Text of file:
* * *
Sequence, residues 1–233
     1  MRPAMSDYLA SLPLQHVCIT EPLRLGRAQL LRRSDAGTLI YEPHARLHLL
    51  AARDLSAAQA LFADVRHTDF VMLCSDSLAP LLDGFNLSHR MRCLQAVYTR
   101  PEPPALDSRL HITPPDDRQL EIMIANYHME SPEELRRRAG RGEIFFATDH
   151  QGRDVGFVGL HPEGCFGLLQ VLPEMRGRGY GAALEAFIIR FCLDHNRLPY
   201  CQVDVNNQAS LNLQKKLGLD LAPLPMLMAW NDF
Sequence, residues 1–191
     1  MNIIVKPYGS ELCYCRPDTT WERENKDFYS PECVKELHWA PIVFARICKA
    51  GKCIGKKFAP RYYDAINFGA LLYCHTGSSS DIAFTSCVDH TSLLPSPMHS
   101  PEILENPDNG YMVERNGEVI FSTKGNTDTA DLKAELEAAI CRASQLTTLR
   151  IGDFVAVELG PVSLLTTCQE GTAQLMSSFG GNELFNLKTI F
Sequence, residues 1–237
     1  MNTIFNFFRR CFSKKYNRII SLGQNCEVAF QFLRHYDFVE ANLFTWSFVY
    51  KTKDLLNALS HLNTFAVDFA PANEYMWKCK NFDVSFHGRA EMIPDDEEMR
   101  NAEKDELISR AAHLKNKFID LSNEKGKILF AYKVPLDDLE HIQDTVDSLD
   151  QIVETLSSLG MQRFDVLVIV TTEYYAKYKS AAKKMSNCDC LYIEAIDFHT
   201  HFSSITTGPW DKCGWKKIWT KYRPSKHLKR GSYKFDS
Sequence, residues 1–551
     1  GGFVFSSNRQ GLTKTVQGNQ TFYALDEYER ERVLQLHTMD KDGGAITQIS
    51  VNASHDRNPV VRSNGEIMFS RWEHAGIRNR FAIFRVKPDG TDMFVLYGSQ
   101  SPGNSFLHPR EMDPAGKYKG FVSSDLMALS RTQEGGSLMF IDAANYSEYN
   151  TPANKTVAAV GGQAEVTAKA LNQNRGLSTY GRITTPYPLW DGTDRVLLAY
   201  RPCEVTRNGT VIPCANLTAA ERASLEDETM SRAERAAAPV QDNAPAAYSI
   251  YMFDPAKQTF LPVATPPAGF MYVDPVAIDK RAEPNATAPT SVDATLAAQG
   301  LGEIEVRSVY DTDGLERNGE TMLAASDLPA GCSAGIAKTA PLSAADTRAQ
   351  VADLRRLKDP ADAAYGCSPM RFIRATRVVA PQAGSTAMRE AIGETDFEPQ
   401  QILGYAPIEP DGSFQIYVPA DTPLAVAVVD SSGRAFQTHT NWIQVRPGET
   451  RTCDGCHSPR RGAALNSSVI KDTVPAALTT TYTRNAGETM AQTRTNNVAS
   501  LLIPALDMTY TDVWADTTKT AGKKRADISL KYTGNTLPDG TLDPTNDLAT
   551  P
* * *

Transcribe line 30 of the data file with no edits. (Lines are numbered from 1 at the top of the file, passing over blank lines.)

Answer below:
   551  P